This is just one example, but it actually goes back and forth between calling him Razarove and Lazarov throughout the tutorial.

After the tutorial you find yourself in Hope 101. This is a small settlement of survivors who have banded together to stave off the “infecteds” as they’re called. You meet a woman named Rachel, who you find out was the one that organized your rescue during the tutorial, as well as a few shop owners, before making your way to Justin, the town’s mayor. Justin explains that the town needs you to be a sort of pioneer out in the development region, and offers you land on which to build your homestead, if you’ll help keep the zombies out of that area.

Screenshot of Hope 101 Mayor, Justin, from LifeAfter mobile game

If it looks like he’s about to make you an offer you can’t refuse, it’s because he is. Unless you just don’t play the game, that is.

You do some building in the tutorial, but it’s here that you’re given autonomy. You can’t build a very large place initially, but as the game progresses you can upgrade both the size of the grounds you can build on, as well as the quality of building materials you can use. You can also grow plants here on your base in small garden plots, if you can find seeds for them. This is also where you’ll set up workstations that allow you to construct structures for your base, cook food to sustain yourself, build weapons, including firearms and ammunition, and even to research new formulas using formula shards.

After a little poking around the base, you’ll be raided by zombies. This is where you can reach out to fellow players for help. They’ll show up during the fortification phase, while a countdown timer ticks on. Then you’ll fight a few infecteds, probably with a bow and arrow at this point, before moving on with your gameplay. It is also at this point that you’re given a survival manual, which works as a sort of extended tutorial.

As you follow the steps you learn about the nuts and bolts of gameplay in LifeAfter which basically amounts to, “Stay warm, stay fed, harvest materials in the wilderness zones and air-ship them back to your base so you can build better defenses.” And yes, staying warm and dry does matter. Failure to do so results in gradual health loss from hypothermia, and being wet can make you unable to sprint. It can also result in catching a cold, which will extend the lack of being able to sprint, even after you’ve warmed up and dried off.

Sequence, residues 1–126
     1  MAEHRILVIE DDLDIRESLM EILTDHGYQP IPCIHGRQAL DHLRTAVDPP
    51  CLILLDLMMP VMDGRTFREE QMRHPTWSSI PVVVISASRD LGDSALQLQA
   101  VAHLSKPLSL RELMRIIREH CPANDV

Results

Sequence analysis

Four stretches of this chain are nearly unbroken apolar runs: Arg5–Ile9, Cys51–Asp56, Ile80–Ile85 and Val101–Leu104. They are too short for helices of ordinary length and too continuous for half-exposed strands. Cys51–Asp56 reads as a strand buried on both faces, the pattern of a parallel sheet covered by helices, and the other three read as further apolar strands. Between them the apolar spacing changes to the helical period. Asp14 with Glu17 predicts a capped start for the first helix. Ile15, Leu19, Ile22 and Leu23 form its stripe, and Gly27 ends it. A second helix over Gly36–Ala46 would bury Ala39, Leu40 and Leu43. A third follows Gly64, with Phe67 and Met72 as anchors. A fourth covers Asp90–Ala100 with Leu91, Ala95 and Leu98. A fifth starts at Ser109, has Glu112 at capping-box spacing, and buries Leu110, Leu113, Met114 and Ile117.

I will say that the graphics on LifeAfter are pretty impressive. In fact, they’re better than games like H1Z1, 7 Days to Die, or Rust, by a pretty long sight, which is amazing for a mobile game. Unfortunately, this leaves it in the realm of “all flash and no bang” for me. There’s also an integral VOIP system within the game that relies on your phone’s speaker and headphones. The time that I was teamed up with another player, however, they were speaking a language that wasn’t English, or even Spanish. Given that I’m on a North America server, this was a bit frustrating, but, well, welcome to the internet, I guess.

Again, seeing as I felt like I was fighting against the controls, which really reduced my engagement, I’m loathe to suggest to anyone else that the game isn’t fun. I think for some people that LifeAfter is going to fill a much needed niche in the mobile gaming world. For me, however, it just leaves some boxes unchecked. Despite this, I give it a solid 3.5 out of 5 brains. It’s got some impressive features for a mobile survival game.